By Alona Bach
Originally published on upnextbayarea.blogspot.com on 4/10/12
Yesterday, I saw a show. And yes, this is no different than normal: I see shows all the time. So why was last night different from all other nights?*
*Besides the fact that it was, in fact, Passover.
Well, I'll set the stage a bit first. Usually, my reason for seeing a show is one (or more) of the following:
- I know someone involved in the show (actor, director, designer, playwright, etc.)
- I like the theater's work in general
- I've read good things about it (e.g. reviews or Facebook stati)
...and any combination of these will put a show on my radar, if not my calendar.
But last night, I was in Minnesota instead of my Bay Area home (What to do on a night off in a new city? See theater! Of course.), and I went to see a show at a small theater company that I'd never heard of (I discovered it the night before while – gulp – surfing the web). I didn't know anyone in the show or working on the show or even talking about the show. Heck, I barely even knew what the show was about beyond the small blurb on the website. And I realized something scary: I would feel just as happy about going to the show as not going to the show.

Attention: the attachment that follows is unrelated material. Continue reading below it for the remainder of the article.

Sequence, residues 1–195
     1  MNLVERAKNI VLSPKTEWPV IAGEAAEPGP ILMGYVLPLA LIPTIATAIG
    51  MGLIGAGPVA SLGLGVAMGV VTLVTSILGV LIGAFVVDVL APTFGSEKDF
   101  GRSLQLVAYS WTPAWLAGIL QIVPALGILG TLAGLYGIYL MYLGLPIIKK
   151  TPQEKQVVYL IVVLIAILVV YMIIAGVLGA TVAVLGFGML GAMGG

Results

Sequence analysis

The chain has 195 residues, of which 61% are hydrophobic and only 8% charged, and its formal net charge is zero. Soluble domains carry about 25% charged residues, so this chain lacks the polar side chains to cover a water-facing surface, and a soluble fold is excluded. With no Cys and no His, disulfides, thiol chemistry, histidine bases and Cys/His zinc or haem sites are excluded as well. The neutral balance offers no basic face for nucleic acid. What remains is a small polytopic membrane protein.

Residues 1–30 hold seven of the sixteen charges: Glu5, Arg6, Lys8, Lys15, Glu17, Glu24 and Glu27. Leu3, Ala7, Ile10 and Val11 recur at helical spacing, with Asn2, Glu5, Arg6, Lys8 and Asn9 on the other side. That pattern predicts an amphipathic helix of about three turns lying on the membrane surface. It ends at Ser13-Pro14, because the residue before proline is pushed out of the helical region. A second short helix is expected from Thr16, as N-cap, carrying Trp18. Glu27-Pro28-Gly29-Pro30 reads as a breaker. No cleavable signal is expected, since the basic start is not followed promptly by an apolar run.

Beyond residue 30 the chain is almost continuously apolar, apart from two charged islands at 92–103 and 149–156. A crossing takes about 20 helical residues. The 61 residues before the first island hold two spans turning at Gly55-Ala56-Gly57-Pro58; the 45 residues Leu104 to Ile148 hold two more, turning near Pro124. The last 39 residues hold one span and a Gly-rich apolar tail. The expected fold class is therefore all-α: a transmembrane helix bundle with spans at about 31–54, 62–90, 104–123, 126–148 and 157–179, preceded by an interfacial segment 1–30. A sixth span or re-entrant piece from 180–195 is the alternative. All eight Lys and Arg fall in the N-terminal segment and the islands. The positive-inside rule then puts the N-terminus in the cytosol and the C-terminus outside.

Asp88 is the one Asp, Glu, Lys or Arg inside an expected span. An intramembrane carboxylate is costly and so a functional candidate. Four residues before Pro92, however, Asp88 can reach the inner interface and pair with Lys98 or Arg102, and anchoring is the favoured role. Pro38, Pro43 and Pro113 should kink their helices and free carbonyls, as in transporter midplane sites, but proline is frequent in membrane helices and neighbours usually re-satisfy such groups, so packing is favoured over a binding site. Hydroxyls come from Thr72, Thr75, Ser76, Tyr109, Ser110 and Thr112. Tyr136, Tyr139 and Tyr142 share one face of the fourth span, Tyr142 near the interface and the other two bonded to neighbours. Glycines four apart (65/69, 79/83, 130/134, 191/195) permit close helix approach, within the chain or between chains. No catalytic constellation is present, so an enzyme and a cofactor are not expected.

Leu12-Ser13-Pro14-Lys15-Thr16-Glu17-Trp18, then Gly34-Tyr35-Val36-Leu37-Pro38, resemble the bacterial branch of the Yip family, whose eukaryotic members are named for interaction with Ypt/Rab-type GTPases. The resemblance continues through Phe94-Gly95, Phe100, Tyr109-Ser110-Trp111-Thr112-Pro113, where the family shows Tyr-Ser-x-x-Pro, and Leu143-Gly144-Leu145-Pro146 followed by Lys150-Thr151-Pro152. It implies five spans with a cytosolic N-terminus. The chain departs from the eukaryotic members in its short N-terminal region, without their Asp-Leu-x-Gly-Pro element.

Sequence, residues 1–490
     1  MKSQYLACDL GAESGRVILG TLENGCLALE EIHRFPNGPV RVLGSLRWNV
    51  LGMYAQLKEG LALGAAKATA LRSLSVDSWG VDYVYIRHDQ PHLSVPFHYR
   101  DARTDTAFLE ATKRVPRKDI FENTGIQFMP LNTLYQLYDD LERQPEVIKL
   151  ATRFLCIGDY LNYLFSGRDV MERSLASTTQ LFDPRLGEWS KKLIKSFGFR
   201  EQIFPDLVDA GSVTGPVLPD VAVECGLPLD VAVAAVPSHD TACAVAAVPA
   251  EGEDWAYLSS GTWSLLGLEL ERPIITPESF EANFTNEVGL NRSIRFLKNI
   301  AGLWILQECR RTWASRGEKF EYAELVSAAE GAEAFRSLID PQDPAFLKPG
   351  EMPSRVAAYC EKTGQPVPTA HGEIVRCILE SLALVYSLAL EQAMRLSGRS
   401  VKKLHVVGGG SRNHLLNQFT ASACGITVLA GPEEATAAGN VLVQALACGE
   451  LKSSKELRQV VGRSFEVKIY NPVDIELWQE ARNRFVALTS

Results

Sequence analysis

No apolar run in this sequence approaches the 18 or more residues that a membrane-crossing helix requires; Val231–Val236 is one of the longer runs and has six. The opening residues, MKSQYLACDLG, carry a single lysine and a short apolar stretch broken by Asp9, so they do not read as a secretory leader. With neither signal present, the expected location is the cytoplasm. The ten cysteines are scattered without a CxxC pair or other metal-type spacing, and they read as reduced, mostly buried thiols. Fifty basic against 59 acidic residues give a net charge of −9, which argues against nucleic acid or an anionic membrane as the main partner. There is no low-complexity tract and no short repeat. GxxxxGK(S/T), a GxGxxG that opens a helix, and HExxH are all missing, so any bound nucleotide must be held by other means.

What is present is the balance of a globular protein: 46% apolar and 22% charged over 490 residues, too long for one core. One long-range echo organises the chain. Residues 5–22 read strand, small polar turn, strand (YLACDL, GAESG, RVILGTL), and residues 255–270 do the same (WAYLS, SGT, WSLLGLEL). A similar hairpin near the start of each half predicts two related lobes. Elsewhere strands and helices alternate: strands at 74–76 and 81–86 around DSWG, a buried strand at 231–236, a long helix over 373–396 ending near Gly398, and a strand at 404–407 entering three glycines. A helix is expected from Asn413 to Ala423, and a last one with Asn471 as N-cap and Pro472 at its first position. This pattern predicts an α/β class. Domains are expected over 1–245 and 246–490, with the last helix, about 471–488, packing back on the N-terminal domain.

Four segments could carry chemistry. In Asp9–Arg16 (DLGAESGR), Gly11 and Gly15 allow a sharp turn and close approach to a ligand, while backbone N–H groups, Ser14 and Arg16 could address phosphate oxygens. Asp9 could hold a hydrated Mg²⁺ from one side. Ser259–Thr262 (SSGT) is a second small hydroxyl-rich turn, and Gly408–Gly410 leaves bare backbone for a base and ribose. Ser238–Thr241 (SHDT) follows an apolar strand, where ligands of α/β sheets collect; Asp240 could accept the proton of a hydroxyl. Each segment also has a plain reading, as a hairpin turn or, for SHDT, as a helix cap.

And then I realized that this is how most teens feel. This is where most teens stand in relation to the shows that the theater community embraces and praises and remembers fondly – in the Land of Ambivalence. Because, sure, intellectually, I knew I'd probably enjoy it; enjoying theater in general is the reason I've developed a theater-going habit. But emotionally – meh. I was detached. There was nothing specific drawing me to the theater instead of staying at home on the computer, and I was missing the buy-in.
But...what's a buy-in?
A buy-in is probably exactly what you think it is, and basically just what it sounds like. It can be anything that hooks in the potential audience member (henceforth referred to as P.A.M., or PAM) and piques their interest. It's what can give the PAM ownership (or at least imagined ownership) over some part of the show; it's the commitment and the basis for the want to go to the theater. Most importantly, a buy-in is what lets the PAM know what they're missing if they don't come see the show.
Here are some examples. (You know these already, I guarantee you, but they're here in a list for good measure -- and because sometimes teen audience members need to say these things themselves.)
Super good press photos. Pak Han's work is a great example. Take one look at any of his photos and you want to see more. Why did this moment happen? What frozen moment in the story is this, and why is that lady wearing that? The photo below is of "Beardo" at Shotgun Players; and is possibly one of my favorite Pak Han photos ever. I mean, give it even just a cursory glance and I dare you to say you're not dying to see that show. (Fun Fact: the show was as good as the picture suggests.)